The other major change, which is much more controversial, is “The Big Bang.” This event gives Dakota a majority of its superpowered characters and serves as Static’s origin, as covered in the Milestone Returns #0 issue.
Originally, the event was centered around a gang shootout that got dispersed by the police using experimental tear gas from Alva Industries — however this re-imagined version of the incident sees the gang event shifted to a Black Lives Matters protest. It’s a contentious update for sure which other critics have discussed elsewhere. Virgil’s involvement in gang violence added a really fascinating shade of grey to that character’s origin and on a surface level the alteration can feel like a cheap way to tag into the current moment or worse can feel like an uncomfortable equivalency to draw.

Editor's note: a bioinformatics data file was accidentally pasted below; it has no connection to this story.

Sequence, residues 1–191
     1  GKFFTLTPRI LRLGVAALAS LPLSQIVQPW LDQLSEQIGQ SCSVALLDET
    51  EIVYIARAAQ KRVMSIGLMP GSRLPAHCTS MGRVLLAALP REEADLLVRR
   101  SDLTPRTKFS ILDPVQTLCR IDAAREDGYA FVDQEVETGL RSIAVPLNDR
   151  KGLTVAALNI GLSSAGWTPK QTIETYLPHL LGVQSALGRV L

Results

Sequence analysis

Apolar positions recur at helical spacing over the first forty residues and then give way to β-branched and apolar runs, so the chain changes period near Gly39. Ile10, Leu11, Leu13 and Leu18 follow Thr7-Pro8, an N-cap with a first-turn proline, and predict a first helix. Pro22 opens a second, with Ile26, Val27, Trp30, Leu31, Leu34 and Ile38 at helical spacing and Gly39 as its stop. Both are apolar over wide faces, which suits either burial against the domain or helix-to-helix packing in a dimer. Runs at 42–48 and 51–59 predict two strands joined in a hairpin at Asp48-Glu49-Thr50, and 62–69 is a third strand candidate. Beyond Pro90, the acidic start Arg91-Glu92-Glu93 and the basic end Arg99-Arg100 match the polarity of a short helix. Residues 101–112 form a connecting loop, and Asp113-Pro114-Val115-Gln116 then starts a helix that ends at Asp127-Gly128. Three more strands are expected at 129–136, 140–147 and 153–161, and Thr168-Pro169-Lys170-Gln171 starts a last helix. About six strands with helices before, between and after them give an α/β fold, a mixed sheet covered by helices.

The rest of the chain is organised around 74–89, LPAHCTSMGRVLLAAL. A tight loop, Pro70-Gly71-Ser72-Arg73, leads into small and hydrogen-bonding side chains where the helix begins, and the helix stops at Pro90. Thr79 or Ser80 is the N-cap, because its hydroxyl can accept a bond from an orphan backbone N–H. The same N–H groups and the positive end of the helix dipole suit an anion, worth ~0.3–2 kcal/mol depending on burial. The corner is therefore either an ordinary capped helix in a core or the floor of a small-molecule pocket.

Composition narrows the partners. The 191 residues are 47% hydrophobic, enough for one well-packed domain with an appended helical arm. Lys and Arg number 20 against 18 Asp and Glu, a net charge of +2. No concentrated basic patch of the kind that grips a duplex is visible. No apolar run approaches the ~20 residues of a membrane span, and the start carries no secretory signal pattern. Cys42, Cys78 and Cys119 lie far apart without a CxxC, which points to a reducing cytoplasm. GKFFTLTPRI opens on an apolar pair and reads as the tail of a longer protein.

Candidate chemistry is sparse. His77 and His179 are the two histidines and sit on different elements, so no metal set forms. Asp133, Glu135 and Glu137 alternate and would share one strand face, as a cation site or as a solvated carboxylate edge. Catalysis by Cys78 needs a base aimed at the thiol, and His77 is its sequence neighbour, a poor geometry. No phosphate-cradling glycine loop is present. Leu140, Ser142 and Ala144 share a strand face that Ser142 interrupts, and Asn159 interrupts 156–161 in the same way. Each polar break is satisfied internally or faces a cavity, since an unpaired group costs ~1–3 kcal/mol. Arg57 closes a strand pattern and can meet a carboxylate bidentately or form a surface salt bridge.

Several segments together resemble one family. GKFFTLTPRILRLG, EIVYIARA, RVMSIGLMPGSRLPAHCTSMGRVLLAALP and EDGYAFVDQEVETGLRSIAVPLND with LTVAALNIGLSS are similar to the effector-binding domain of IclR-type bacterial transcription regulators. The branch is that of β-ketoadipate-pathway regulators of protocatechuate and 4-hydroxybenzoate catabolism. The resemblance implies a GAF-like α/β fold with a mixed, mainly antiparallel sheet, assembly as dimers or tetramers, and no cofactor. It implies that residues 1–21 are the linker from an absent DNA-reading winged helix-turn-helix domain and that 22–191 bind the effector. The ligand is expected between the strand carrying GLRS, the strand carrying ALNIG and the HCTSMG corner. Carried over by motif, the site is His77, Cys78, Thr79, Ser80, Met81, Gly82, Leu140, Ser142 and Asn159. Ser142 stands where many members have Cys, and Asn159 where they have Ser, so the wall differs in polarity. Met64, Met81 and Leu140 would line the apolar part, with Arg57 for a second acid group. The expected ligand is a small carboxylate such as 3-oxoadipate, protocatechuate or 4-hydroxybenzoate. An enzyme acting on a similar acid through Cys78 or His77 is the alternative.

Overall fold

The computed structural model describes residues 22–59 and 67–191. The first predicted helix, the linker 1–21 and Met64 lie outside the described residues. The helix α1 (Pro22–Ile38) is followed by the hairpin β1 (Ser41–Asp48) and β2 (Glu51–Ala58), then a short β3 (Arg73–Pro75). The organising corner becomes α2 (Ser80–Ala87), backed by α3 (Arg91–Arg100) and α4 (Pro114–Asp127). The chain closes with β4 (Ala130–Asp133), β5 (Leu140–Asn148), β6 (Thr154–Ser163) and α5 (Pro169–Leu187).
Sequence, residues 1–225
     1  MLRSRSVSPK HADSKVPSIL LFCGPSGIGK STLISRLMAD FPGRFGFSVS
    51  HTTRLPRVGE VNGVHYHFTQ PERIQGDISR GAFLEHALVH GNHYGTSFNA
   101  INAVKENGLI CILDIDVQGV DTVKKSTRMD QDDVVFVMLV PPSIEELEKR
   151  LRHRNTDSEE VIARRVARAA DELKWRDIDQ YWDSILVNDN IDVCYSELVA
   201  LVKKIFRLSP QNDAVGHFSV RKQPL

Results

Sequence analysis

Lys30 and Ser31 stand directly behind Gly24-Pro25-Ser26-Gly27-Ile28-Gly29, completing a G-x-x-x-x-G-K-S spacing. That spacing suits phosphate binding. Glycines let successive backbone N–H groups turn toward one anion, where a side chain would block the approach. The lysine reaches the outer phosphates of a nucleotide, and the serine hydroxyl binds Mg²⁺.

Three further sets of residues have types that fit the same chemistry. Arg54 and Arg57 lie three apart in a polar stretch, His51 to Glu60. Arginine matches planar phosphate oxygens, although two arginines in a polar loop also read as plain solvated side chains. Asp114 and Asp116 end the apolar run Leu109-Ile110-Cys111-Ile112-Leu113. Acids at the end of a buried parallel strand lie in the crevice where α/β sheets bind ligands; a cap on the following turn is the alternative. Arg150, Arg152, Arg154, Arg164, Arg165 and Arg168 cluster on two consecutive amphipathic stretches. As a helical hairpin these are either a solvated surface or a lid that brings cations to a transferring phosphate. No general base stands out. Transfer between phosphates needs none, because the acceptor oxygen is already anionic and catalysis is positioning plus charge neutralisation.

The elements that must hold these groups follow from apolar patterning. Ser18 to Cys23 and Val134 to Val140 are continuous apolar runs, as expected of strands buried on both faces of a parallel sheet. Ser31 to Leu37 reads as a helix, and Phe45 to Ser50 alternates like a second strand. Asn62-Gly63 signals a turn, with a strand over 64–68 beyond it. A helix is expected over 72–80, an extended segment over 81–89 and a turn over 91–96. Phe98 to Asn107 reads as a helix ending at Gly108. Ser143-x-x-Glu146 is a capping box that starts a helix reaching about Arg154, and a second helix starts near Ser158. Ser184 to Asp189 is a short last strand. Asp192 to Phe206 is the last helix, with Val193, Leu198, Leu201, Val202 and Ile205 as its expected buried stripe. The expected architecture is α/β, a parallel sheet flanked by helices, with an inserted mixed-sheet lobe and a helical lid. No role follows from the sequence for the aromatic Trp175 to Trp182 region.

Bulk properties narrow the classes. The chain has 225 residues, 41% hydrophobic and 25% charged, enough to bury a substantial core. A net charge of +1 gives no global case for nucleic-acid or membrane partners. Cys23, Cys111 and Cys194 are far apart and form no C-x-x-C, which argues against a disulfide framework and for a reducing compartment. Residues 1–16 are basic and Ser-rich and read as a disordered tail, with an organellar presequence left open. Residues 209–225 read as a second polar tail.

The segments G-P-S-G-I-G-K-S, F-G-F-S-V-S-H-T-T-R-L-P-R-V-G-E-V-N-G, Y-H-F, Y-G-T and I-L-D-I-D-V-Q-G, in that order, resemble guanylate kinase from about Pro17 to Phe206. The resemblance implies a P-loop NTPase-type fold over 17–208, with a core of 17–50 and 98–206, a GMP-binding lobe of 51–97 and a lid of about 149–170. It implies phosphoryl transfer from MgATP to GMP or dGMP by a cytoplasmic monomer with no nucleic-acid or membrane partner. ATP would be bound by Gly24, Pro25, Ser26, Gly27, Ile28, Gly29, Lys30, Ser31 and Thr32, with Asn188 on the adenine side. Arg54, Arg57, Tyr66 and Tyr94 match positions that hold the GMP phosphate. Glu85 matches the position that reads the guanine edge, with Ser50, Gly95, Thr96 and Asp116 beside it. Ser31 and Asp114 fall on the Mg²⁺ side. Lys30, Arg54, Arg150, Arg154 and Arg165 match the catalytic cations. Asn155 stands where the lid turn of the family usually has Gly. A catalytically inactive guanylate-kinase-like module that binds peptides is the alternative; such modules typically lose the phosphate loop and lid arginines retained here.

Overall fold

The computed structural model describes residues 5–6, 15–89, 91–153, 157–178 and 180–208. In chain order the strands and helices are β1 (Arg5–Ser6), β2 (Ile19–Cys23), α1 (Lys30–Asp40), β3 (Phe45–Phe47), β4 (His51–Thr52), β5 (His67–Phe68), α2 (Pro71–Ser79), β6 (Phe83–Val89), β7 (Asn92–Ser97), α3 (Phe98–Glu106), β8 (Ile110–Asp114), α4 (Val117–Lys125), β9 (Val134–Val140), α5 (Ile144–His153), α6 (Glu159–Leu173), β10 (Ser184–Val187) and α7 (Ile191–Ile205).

Despite these concerns, Ayala and the team really sell this update as much more than chasing the current headlines. Static #1 stays with the trauma of that event and the damage it did to the community. The fault is very much still within police brutality, and is made all the more grim by maintaining that this was a student protest and a lot of these kids didn’t survive. It’s genuinely dark and the recap of it really speaks to a sort of memory hole people have for last summer’s protests and the disregard for the continued horrors happening now.
It feels like we are forgetting all of the horrors and violence that occurred last summer, the eyes lost and the people killed at these protests. A white man killed Deona Marie at a protest for Winston Smith all too recently and it feels like it was barely news. Virgil processing this trauma and violence that no one else seems to understand or want to acknowledge really resonates and Ayala refuses to let any of this feel cheap. Milestone as a line was never shy about speaking on the issues of the day and while it may feel played out and exploited in a lot of other media, to have Milestone come back and not sit earnestly in the moment we’re in would feel disingenuous to what Milestone has always been.